Talented Australian scientist’s return brings knowledge and skills back home
16 May 2008
One of Australia’s brightest young scientists has returned to Australia to not only continue his research, but to share the successes of his international findings with his home country.
Dr Jeff Holst, who studied at the University of Technology Sydney and the University of NSW before heading to the United States to complete post-doctoral work at the highly acclaimed St Jude Children’s Research Hospital, returned to Sydney to build on his successful research career.
As the science and medical industry in Australia rue the loss of many of our talented young minds to international institutions and academics ponder the future impact of the declining number of students studying science, Sydney’s Centenary Institute is benefiting from Dr Holst’s return and the knowledge he brings with him.
Dr Holst’s hard work at St Jude’s has recently been recognised with the publication of his investigations into the regulation and development of T cells and the impact of these processes on the progression of autoimmune disease in the prestigious international journal Nature Immunology.
“We studied the complex switch-like components in T cells that allow them to control their development, education and function. We found that the large numbers of these switches in T cells allow for very small changes, acting more like a dial than a switch, helping to avoid autoimmunity. Knowing more about how this process works will allow closer investigation of how autoimmune diseases start,” explains Dr Holst.
One of the most exciting flow-on effects of this research is Dr Holst’s ability to bring this knowledge back to Australia to share with other researchers.
“My wife and I had always planned to return to Australia at some point, this is home, but something that has been really rewarding is sharing the knowledge I gained from my time overseas,” Dr Holst explained. “I am working with colleagues at Centenary currently investigating diseases such as cancer and the regulation of the immune system to introduce this new technology and drive their research even further ahead.”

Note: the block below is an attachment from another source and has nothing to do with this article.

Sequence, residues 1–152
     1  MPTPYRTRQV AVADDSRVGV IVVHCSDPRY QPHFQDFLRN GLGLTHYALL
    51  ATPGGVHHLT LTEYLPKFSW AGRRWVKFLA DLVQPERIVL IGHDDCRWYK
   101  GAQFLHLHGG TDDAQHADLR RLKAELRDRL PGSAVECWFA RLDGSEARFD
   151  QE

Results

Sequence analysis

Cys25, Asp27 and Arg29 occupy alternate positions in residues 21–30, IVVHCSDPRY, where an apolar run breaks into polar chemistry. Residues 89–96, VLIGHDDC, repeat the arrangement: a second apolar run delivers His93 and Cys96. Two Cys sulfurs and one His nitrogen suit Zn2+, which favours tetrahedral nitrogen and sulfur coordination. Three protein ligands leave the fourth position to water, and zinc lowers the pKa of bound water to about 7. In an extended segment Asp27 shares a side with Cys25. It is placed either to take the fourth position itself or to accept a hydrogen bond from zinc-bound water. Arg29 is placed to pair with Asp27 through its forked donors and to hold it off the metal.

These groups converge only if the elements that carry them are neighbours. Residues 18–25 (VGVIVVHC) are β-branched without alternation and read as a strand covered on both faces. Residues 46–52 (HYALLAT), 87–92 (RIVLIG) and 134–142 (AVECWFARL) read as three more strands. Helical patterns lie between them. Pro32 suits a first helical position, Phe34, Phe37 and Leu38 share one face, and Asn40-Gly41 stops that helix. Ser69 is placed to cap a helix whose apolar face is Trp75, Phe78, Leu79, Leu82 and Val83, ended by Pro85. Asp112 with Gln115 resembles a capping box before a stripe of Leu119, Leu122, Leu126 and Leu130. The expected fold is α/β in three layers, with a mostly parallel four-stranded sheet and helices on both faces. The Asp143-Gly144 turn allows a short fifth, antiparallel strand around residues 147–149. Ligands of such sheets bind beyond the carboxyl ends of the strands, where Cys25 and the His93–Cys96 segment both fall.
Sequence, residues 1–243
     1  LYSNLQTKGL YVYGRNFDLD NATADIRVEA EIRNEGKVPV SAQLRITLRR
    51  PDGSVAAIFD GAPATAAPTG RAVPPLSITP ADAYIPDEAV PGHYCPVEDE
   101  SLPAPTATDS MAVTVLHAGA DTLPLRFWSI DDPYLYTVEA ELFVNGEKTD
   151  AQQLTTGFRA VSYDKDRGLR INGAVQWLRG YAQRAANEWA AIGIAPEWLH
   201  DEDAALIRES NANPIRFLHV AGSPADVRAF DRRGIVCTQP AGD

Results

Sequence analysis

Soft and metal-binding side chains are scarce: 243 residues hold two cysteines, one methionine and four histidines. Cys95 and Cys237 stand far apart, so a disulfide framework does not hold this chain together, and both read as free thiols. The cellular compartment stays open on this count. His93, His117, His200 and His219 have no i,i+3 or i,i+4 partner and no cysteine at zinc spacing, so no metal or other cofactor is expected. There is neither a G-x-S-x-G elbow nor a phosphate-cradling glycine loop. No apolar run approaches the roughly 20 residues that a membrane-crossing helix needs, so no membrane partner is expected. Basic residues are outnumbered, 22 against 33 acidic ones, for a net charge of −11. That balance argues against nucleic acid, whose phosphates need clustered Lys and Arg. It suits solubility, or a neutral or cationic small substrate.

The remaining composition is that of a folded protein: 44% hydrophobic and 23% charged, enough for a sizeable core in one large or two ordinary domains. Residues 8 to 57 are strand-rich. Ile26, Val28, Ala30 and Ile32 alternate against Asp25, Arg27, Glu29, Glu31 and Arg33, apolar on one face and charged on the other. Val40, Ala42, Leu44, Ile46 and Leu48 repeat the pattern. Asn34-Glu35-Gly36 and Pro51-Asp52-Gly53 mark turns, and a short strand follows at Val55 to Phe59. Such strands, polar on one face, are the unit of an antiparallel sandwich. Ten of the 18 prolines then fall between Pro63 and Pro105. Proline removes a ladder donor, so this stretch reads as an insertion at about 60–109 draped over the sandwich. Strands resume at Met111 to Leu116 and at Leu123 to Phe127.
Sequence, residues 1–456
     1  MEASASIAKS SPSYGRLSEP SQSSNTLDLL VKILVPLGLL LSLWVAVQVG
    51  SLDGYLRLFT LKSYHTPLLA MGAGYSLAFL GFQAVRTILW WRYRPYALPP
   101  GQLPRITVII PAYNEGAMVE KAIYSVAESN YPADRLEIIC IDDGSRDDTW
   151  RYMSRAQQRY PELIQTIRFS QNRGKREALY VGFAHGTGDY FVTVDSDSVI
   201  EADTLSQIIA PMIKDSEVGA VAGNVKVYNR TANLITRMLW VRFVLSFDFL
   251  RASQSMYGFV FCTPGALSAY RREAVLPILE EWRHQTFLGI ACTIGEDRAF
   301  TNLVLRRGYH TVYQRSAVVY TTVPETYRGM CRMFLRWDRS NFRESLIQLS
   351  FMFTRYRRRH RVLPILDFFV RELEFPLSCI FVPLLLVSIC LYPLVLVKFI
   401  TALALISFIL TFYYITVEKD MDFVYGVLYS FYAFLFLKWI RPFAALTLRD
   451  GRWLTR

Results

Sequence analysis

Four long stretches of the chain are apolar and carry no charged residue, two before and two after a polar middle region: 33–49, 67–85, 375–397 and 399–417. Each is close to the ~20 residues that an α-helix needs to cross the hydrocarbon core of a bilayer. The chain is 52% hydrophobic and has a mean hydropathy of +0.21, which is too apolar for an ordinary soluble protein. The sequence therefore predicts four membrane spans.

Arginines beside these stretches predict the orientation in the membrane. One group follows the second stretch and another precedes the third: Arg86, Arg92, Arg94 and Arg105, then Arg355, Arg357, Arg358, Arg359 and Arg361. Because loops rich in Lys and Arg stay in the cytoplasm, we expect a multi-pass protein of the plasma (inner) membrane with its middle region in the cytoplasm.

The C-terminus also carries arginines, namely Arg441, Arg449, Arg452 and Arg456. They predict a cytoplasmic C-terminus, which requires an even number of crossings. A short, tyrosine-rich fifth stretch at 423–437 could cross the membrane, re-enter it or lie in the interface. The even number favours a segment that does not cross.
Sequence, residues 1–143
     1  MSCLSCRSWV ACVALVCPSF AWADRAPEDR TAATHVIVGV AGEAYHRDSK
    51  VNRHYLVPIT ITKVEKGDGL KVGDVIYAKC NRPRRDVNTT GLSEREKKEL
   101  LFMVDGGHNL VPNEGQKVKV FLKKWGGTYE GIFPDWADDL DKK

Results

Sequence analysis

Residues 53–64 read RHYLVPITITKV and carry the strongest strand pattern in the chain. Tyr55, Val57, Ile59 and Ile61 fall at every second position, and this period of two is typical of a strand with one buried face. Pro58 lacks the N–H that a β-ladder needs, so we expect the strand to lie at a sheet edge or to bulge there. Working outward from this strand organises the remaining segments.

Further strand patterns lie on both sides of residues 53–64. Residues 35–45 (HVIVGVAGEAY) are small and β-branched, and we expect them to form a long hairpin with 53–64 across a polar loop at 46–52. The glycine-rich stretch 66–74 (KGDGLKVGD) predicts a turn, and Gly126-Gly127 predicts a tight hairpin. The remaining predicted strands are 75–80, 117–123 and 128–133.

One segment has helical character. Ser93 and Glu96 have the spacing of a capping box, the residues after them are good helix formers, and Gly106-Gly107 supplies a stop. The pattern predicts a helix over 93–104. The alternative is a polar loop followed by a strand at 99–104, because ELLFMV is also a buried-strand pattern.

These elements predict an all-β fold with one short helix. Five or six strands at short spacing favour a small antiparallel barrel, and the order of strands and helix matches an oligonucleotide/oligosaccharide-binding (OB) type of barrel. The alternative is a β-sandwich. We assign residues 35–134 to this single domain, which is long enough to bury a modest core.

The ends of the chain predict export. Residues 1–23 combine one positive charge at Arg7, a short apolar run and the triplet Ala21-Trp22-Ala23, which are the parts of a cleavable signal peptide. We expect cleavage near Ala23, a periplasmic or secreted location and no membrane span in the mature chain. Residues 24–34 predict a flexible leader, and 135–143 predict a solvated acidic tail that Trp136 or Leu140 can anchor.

Dr Holst’s continues his research with Professor John Rasko at the Centenary Institute and has now turned his focus to cancer, with support from a Cancer Institute NSW Fellowship. He was also recently awarded a Prostate Cancer Foundation of Australia grant for the next four years to investigate how prostate cancer cells increase their nutrient supply, examining ways to ‘starve the cancer’ by blocking nutrient uptake.
Centenary Institute Executive Director, Professor Mathew Vadas, said Centenary is focused on building the best available facilities and recruiting world renowned researchers to support our scientists.
“The key components of recruiting the best scientists, including those looking to return to Australia like Dr Holst, is the capacity to work with outstanding people with the infrastructure to support their work,” says Professor Vadas. “At Centenary we are expanding our capacity and building new facilities to support our researchers in this way which is crucial to their development.”
For more information or to arrange an interview, contact:
Erin Sharp, Communications Coordinator, the Centenary Institute
p: 02 9565 6118 m: 0431 029 215 e: